If anyone even closely knows me, they have probably experienced my incredible love for the Ninja Turtles. Particularly, I’m a fan of the older comics. I have artwork from Jim Lawson, Peter Laird, Michael Dooney, Dan Berger and others hanging up in my tiny, college-living room, I have read nearly every TMNT book that has come out (excusing the Archie series) – I own almost all of them. So, a new Ninja Turtles series has come out, and boy was I excited.
IDW’s Teenage Mutant Ninja Turtles satisfies the reader. It’s a mixture of the new and the old with many easter eggs and cute little additions thrown in here and there for the devoted reader (me) to catch. Dan Duncan’s art is energetic despite the lack of backgrounds and you get the feel for the characters right off the bat. The telling scene when April O’Neil names the turtles (pre-mutation) really hits home and I enjoyed it.
The comic dives right into the action as the Turtles face off against a human-like cat minus one of their own, Raphael. They fight and we learn their origins. At the end, we learn that Raphael is wandering the streets (for what reason is still unclear) but still stands up for what is right.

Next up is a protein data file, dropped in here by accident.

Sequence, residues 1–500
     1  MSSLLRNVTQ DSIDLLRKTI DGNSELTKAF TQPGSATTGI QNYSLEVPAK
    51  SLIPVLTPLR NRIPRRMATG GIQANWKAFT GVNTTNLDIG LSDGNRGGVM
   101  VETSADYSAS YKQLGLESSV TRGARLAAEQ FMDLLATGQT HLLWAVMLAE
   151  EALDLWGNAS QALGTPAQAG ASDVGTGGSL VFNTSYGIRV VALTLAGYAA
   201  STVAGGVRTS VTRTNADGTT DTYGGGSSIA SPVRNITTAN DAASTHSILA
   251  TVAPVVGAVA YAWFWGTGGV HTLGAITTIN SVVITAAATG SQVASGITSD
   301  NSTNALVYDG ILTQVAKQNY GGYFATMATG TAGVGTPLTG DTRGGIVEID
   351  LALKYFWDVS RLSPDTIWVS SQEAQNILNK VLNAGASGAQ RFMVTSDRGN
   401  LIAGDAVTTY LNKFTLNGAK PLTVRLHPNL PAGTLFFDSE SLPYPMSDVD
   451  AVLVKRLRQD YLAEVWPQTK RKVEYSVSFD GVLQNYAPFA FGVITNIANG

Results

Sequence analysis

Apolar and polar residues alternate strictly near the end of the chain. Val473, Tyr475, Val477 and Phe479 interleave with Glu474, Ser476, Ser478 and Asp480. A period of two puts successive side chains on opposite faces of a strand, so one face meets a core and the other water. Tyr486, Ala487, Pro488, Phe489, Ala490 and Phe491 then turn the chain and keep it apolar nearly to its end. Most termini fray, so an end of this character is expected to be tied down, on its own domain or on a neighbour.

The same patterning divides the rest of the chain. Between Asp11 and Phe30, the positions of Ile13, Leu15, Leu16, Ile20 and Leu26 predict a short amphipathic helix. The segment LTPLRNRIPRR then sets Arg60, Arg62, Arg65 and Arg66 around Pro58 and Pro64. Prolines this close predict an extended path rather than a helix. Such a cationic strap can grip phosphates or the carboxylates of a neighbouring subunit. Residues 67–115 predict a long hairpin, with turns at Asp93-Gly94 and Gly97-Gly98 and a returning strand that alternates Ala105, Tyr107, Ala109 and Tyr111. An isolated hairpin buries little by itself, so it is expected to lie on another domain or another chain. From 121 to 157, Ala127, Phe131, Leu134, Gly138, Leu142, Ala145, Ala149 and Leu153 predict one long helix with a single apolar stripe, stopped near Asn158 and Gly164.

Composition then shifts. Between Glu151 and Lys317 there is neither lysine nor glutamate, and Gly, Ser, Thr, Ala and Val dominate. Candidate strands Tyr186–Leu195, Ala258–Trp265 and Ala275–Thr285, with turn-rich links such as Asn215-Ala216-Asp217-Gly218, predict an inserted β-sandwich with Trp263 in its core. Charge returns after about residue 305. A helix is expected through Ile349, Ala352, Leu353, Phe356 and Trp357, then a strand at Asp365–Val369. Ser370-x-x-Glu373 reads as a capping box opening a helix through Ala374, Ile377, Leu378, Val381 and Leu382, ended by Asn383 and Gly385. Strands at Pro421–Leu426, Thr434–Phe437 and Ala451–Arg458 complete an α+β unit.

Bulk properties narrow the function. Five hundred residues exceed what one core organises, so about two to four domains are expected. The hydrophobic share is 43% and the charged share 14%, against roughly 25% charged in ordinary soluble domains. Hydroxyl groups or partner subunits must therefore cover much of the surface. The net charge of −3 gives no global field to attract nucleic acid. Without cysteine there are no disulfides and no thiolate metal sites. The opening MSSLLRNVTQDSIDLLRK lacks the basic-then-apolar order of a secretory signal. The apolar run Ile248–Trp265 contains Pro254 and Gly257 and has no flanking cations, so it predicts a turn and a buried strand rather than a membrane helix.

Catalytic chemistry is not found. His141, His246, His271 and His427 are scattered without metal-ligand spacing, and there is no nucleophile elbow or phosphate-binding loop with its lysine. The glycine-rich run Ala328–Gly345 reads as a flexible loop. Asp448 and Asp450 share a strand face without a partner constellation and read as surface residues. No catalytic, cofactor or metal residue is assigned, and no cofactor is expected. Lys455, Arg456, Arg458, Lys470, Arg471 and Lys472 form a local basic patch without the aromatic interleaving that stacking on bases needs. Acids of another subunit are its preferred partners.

Of course, for the diehard fan, there are some problems. The biggest thing that I could not fathom was how these turtles could mutate and become ninjas within 18 months. It takes years to be a ninja and even in the original series they had 15 years under their belt before fighting the Shredder. Another thing that really bothered me was how many mutants we’re probably going to be running into. I liked the original series because the Turtles were unique. There existed only 5 mutated characters in the comic (until Leatherhead came along) and they fought against humans. They were champions for the oppressed but could not be known. So, when the lead villain, Old Hob, shows up as a mutated cat… well, it’s a harder sell for me (I know, I know) because it is so similar to the 80s/90s television show where everything was a mutant.
The writing also seems like it was trying too hard. It’s way too epic when the Turtles are fighting, and way too obvious when Chet, the scientist, is trying to hit on April. (I get it… he’s nervous… he doesn’t have to stutter every sentence). There’s a jerkiness to the writing that is hard to pin down, but it just does not have that magical flow.
Nevertheless, the comic delivers on its promise of introducing new readers to the Turtles in a fun way. I’ve read it a few times and I still crack a smile here and there. Overall, it’s worth picking up and is easily accessible to everyone.